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How to Use the Semi-Automatic Camera Modes

An introduction to a DSLR camera’s semi-automatic camera modes. Learn to improve your personal photography skills.

As a professional photographer, I’m often asked by friends and clients how to use their cameras. Last month we began learning how to get more out of our DSLR cameras by looking at automatic modes. Today, we will go a step further and look at the semi-automatic camera modes.

What are Semi-automatic Camera Modes?

Semi-automatic camera modes give you, the photographer, a little more control over how your pictures will look. The camera will still be calculating what it thinks the proper exposure will be.

Most cameras have three camera modes that can be considered “semi-automatic:” Program mode (P), Shutter Priority mode (Tv or S), and Aperture Priority mode (Av or A).

Program mode (P)

Program mode is designated by the letter P on your camera’s dial. It operates a lot like Automatic, except that you can control the flash, the ISO (that’s how sensitive your camera is to light), and the white balance.

What are those things and why would you want to control them?!

Let’s start with the flash. Sometimes you may prefer the look of a setting as it is naturally lit. An image can have more impact when parts of it are in shadow. The natural balance of light and shadow gives ambiance.

The ISO is another aspect that you can control in P mode. As I mentioned before, ISO determines how sensitive your camera is to light. But what does that mean? If you are in a very bright, outdoor setting, you can set your ISO to a lower number. And if you are in a very dim, indoor or outdoor setting you can set your ISO to be higher. This would give you the ability to capture motion blur or light trails with sparklers or at sunset.

One thing to keep in mind is that the higher your ISO, the more noise or grain you will have in your photo. Here’s an example of a photo taken in a very low light situation. I set the ISO to 3200 because I wanted just the candle light to light the image.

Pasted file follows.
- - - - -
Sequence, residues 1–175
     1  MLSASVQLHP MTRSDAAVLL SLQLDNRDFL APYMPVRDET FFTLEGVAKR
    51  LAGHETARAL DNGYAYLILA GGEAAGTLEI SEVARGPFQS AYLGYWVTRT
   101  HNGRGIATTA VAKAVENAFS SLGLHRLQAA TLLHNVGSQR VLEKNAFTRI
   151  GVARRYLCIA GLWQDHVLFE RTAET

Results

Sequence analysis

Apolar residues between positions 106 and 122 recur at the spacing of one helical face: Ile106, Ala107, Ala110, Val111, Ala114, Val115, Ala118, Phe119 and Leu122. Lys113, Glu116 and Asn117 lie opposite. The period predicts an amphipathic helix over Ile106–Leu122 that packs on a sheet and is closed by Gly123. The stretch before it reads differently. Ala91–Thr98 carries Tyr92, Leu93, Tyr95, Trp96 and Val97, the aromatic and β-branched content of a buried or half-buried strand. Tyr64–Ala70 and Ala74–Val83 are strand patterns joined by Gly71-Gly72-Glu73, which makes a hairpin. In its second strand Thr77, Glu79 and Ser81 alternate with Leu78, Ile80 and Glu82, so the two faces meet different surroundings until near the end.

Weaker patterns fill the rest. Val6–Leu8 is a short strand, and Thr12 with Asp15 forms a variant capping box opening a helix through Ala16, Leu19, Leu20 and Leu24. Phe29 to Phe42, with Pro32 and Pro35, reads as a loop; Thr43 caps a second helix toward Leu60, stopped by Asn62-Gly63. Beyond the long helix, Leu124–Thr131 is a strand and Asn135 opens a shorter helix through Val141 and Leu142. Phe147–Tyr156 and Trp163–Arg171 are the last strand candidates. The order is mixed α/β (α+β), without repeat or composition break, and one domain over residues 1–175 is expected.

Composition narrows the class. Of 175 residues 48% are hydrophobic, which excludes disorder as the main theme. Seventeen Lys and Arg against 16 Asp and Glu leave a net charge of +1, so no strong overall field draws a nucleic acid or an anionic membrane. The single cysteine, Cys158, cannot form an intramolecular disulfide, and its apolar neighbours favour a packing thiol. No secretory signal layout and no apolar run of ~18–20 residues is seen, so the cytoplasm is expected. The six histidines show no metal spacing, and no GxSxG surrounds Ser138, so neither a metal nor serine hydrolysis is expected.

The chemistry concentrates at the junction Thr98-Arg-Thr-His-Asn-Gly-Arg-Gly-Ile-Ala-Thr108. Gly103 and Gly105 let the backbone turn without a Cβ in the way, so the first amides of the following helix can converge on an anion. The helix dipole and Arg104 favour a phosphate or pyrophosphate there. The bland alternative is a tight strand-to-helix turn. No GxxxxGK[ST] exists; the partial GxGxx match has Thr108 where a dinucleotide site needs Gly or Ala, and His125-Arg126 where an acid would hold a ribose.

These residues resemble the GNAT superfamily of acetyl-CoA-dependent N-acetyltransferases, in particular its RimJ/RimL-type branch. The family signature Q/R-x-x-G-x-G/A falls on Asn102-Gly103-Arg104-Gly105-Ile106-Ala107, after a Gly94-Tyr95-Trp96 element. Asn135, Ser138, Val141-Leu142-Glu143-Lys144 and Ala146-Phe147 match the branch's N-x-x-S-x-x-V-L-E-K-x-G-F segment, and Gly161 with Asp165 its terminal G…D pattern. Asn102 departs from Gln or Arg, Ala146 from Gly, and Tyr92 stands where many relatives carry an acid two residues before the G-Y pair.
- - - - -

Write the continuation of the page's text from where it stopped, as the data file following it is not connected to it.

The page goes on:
If I zoom in on the upper right corner, you can see the noise more:

I honestly don’t mind the noise in this image. I think it actually adds to the overall look. However if you are photographing people, noise and grain can be more distracting.

The other thing that you can control in Program mode is white balance. White balance is the temperature of the photo. The photo on the left side is the auto white balance the camera chose. I changed the white balance to “shade” for the photo on the right. You may need to look in your camera’s manual to see how to adjust your white balance.

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Aperture Priority Mode (Av or A)

When you set your camera to Aperture Priority, you can control something called Depth of Field (DoF). Have you ever looked at a portrait and noticed how the background or foreground is blurred and the subject is in focus? You can achieve that look with a lower aperture or f/stop. Here’s an example:

In this image, I set the aperture at f/2.8. The children are in focus, and the grasses that are behind them are more out of focus the further away they are.

With Aperture Priority mode, you can lower the aperture to a lower number to achieve these types of looks. The camera will then determine what shutter speed to use to expose your image for the light it has metered. You are in control of setting the ISO so you can control the amount of noise in your image.